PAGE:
Tik Tok users are earning big money. That has tax implications
Tax season is here. Before you submit your returns, you may want to ask your clients a few questions about their earnings on Tik Tok.
With the explosion of Tik Tok, many people might not be aware that you can make money on this app. Many parents might also be surprised that their kids make money on this platform.
Before I get started, I want to provide a quick summary of what this app does.
Essentially, Tik Tok is a video platform where people can lip sync, make original content, dance, create text, and use visual effects to entertain followers. It uses a hashtag system similar to Instagram and Twitter, but the algorithm is different than any other platform. You also have the ability to:
- Direct message profiles.
- Share videos with other profiles.
- Download videos from TikTok and upload them to another platform.
How do people make money on this app?
I would say it’s simple, but it’s not so simple that everyone can do it. Still, you’d be surprised how many people are monetizing their profiles on this app. A lot of them are kids who have no idea about the tax implications related to what they are doing.
Tik Tok has its own in-app currency that can then be exchanged for money payouts. Many people don’t know that “pandas,” “sun cream,” “rainbow pukes,” and “drama queens” are just a few of the gifts that can be given to creators on Tik Tok. It doesn’t sound like a big deal, but more and more people are jumping on the Tik Tok bandwagon and earning more gifts that are being cashed out for money.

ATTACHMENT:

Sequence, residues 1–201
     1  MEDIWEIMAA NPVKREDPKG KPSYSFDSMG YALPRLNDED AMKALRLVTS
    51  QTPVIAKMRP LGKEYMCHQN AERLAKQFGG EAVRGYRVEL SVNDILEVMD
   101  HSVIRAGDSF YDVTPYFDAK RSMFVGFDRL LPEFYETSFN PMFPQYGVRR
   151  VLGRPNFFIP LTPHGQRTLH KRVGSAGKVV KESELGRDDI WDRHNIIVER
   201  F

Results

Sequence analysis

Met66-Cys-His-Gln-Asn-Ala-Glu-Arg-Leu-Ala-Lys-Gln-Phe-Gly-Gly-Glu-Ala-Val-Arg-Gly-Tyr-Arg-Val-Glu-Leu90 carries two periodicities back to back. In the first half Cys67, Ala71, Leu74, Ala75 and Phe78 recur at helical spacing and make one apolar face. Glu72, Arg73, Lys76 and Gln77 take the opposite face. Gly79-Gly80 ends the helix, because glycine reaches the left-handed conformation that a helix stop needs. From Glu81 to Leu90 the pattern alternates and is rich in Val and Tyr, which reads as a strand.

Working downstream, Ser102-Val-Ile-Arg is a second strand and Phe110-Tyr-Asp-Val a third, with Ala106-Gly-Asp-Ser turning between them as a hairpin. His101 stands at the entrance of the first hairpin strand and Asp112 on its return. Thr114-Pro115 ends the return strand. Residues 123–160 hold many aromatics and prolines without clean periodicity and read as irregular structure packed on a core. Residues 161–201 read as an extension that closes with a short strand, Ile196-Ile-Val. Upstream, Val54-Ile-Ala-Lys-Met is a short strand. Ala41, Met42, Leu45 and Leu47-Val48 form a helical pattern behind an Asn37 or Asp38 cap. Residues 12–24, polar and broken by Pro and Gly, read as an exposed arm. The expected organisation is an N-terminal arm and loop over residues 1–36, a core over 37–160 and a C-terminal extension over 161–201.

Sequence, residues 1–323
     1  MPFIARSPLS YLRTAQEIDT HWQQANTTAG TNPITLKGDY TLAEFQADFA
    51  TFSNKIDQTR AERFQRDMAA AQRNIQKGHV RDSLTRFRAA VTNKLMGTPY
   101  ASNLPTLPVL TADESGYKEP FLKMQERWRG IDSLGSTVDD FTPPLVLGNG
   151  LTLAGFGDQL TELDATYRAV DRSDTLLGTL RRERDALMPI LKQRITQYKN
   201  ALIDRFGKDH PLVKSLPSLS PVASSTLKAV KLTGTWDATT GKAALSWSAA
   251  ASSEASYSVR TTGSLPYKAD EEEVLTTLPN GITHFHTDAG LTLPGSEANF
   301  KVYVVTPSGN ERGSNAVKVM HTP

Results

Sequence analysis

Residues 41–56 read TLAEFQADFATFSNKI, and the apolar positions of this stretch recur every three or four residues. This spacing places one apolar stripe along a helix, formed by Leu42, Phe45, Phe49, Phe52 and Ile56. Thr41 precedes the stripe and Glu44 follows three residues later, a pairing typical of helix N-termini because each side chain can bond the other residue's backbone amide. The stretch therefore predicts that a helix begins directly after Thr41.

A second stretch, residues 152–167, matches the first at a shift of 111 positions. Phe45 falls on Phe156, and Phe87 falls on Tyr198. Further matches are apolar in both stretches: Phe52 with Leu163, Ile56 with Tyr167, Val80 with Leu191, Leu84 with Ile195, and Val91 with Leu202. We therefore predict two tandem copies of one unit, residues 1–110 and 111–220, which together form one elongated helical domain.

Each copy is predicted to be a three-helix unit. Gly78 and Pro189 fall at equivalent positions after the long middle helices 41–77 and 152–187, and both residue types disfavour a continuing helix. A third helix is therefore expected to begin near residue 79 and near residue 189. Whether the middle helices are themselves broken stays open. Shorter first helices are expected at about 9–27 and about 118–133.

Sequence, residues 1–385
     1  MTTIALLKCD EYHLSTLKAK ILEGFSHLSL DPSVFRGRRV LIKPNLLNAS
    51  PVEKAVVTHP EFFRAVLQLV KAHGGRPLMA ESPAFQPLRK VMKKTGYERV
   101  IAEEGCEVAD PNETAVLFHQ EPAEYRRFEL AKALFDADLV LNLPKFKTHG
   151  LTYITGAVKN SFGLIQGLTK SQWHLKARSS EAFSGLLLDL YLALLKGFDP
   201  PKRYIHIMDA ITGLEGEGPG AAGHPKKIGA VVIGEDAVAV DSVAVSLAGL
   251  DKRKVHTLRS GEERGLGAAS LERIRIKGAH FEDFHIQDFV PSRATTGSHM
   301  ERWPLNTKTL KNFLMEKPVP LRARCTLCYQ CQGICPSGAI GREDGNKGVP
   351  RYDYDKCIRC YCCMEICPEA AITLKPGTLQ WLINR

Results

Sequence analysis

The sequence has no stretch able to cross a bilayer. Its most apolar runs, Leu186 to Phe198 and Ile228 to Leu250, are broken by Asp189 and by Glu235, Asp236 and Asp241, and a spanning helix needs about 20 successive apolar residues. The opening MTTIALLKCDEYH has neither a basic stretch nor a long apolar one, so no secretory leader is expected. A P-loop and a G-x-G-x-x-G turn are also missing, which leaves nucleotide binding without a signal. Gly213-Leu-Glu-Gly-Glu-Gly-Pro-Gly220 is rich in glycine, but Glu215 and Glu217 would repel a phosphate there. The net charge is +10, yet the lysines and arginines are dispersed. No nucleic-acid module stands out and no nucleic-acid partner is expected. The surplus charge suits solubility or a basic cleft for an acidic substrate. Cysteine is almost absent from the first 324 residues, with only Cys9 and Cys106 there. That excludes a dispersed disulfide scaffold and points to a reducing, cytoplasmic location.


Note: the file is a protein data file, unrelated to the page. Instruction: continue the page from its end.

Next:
The gift exchange within the Tik Tok platform is somewhat complex, but here it is in a nutshell: You can convert gifts into money and transfer it to your bank account once you have $100 worth of gifts after the exchange conversion. The maximum transfer amount at any particular time is $1,000 after the conversion.
Were you surprised that people could earn that much on an app that’s filled with people dancing and lip syncing?
Well, hold onto your hat, because people are actually earning more. And they’re teenagers. And dogs.
As of January 2020, Jiff Pom (@jiffpom), a tiny Pomeranian puppy, has 20.5 million followers on his account.
At 17 years old, Loren Gray has 37.1 million followers on Tik Tok.
What does that mean in terms of revenue?
You can only receive gifts on live streams, and you must have at least 1,000 followers. After one goes through all of the gift conversions from followers on live streams, creators like the ones above can easily earn anywhere from $5,000 to an estimated $25,000 per live stream, based on the number of gifts viewers have given them in past broadcasts.
Why does this matter?
Not many people treat money earned on social platforms as income. Most of the people who earned money are teenagers and might not know that they have to pay taxes on the money earned.
Just a little food for thought on social platforms and the business they have become in a short period of time.